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Patty Duke died of a ruptured intestine — what to know about this condition

Charlotte Hilton Andersen is the author of the book The Great Fitness Experiment: One Year of Trying Everything and runs the popular health and fitness website of the same name, where she tries out a new workout every month, specializing...

Why intestines rupture and what it means for your health

Patty Duke passed away today at age 69.

Older women (or those of us who just love vintage television shows) will remember Patty Duke as Helen Keller from The Miracle Worker or from The Patty Duke Show, where she adorably played identical twin cousins Patty and Cathy. Younger ladies will recognize her from her cameos on Glee, Liv and Maddie, and Hawaii Five-0. And she'll be sorely missed by people of all ages.

More: Patty Duke's life was filled with more accomplishments that you realize

But how did the beloved actress die? Blood poisoning from a ruptured intestine, according to a statement release by Duke's family:

"This morning, our beloved wife, mother, grandmother, matriarch and the exquisite artist, humanitarian, and champion for mental health Anna PATTY DUKE Pearce, closed her eyes, quieted her pain and ascended to a beautiful place. We celebrate the infinite love and compassion she shared through her work and throughout her life. She died at 1:20 a.m. PST in Couer D’Alene Idaho at Kootenai Health from complications associated with a ruptured intestine."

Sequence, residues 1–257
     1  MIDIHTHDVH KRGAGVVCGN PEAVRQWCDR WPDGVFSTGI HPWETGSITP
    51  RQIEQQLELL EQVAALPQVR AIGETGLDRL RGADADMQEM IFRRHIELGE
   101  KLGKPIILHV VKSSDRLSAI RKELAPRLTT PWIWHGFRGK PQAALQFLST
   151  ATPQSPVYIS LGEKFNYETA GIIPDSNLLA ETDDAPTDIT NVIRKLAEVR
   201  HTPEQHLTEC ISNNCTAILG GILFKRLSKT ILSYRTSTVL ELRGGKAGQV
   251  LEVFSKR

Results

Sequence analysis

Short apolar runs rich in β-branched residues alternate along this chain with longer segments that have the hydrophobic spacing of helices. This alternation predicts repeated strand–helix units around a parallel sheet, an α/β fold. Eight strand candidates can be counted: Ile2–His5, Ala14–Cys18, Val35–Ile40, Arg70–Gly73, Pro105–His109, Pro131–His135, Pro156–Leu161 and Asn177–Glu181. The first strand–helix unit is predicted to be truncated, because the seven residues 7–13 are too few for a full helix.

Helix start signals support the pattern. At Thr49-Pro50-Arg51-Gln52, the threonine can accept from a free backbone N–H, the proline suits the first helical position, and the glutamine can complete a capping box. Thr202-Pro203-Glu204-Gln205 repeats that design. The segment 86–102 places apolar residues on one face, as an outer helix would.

While it's not common to die of a ruptured intestine, it is often a sign of a larger underlying health condition, says Dr. Anton Bilchik, M.D., chief of medicine and chief of gastrointestinal research at John Wayne Cancer Institute in Santa Monica, California. Since he did not treat Duke, he says it's hard to know what her condition was but said that diverticulitis (infection in the digestive tract) and cancer are two common causes of intestinal rupture.

"Intestines very rarely rupture spontaneously. It's usually an unexpected complication of another illness or a surgical procedure," he explains. "On its own, a ruptured intestine is very treatable with antibiotics or even surgery and your risk of dying from it low."

More: What you need to know about illnesses that ended Glenn Frey's life

But he adds that if the gastrointestinal perforation leads to an infection, that ups the risk of death. This can happen when bacteria, bile, stomach acid, partially digested food and even stool leak into the abdominal cavity. A person would then start to show symptoms of infection like a high fever, vomiting and severe stomach pain, which would need immediate medical attention. If the infection isn't treated right away, that can lead to major problems, including death.

Our condolences to her family as they deal with this immense loss.

Before you go, check out our slideshow below.

Why intestines rupture and what it means for your health
Image: Terese Condella/Sheknows

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